NLP anchoring uses a stimulus; it may be a sound, an image, a touch, smell or a taste to trigger a consistent response in you or someone else. We learn by making links and associations.
When something is anchored, we react without thinking. This can be beneficial or painful. Can you think of someone who, whenever you see them you cringe? Or maybe, when you visit your parents you feel like a child?
When we use NLP anchoring, we make or break those associations deliberately.
Anchors are built by repetition and association
You may have heard of Pavlovian conditioning or maybe Pavlov’s dogs. Ivan Pavlov’s work found that you could associate a stimulus such as a bell to a response such as salivation in dogs. By presenting food and at the same time ringing the bell they anchored the ringing to eating. My dog Hoochie gets excited when the microwave dings.
You can link desirable states like fun and excitement to just about anything. Advertising tries to create anchors associating their products with feel good states. That’s why car ads feature semi clothed pretty girls.
The downside is that just about anything can link to yucky states like anxiety and irritation. For instance, you have “one of those days” and become really grouchy. You are wearing a particular pair of shoes. Then a week later when you are wearing the same shoes, you start to feel grouchy for no apparent reason. Your mind has anchored or linked your grouchy state to the shoes.
Unconscious minds can link unusual things to states or moods. Like a particular date or a time of year. My sister gets unhappy on her birthday.
NLP Anchors can occur in all Representational Systems
- Visual anchors — stopping at the red light, colors that affect our mood.
- Auditory anchors — songs that take you back to a given time and place, a police siren, a loved one’s voice
- Kinesthetic anchors — a comforting hug, the feel of velvet that reminds you of grandma
- Olfactory anchors — fresh apple pie that reminds you of home, smell of coffee
- Gustatory anchors — oranges that remind you of a special summer, licorice
Most are developed accidentally when something in the environment is associated with a given state. A horse rears up and frightens us, and we feel frightened every time we see a horse even on TV. The sound of a helicopter can be associated with the terror of Vietnam or the relief of a rescue flight.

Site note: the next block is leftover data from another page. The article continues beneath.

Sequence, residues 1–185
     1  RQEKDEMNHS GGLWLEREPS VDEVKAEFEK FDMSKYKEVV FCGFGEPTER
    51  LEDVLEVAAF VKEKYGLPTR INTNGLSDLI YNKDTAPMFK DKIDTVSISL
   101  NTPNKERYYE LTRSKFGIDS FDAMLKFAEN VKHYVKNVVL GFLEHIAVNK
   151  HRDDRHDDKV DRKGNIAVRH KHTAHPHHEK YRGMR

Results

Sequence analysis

What can you use NLP anchoring for?
The most common use of anchoring is to access resources, feelings and states when you want them. Replacing unwanted feelings and thoughts with desirable ones is freedom indeed.
Other uses are gaining control over emotions, accessing memories and creativity and influencing responses in other people. Anchoring is the basis for a number of NLP Techniques, such as the Circle of Excellence and the Visual squash – a powerful way to collapse an anchor.
Basic NLP anchoring steps
- Create a strong state using state elicitation – for instance by remembering a time when you were very much in that state.
- Recalling what you saw, heard and felt in that situation can intensify the state.
- Make sure you experience it out of your own eyes – associated.
- Associate an anchor with the state – a word, some part of the experience or some external action when the state is at its strongest. For example rubbing your/their earlobe.
- Break the state by stepping into another location, shaking yourself, thinking of something neutral etc.
- Repeat accessing the state and associating the anchor a few times
- Test the association by “firing the anchor”. That is saying the word or rubbing your earlobe. You should re-experience the state. If not, repeat step 6.
- “Fire the anchor” when you want to experience the desired state, for instance when you are feeling unresourceful
What you are doing is transferring positive resources from past experiences.
The keys to anchoring successfully are
- The intensity of the state
- Repetition of the anchor – anchors will fade over time unless very strong (usually bad ones)
- The type of state you want to anchor or overcome – primary states work well. Meta states do not (states about states or feelings about feelings for example being embarrassed about being angry).
An example of an anchoring technique that can be used with all representational systems is the Visual Squash.
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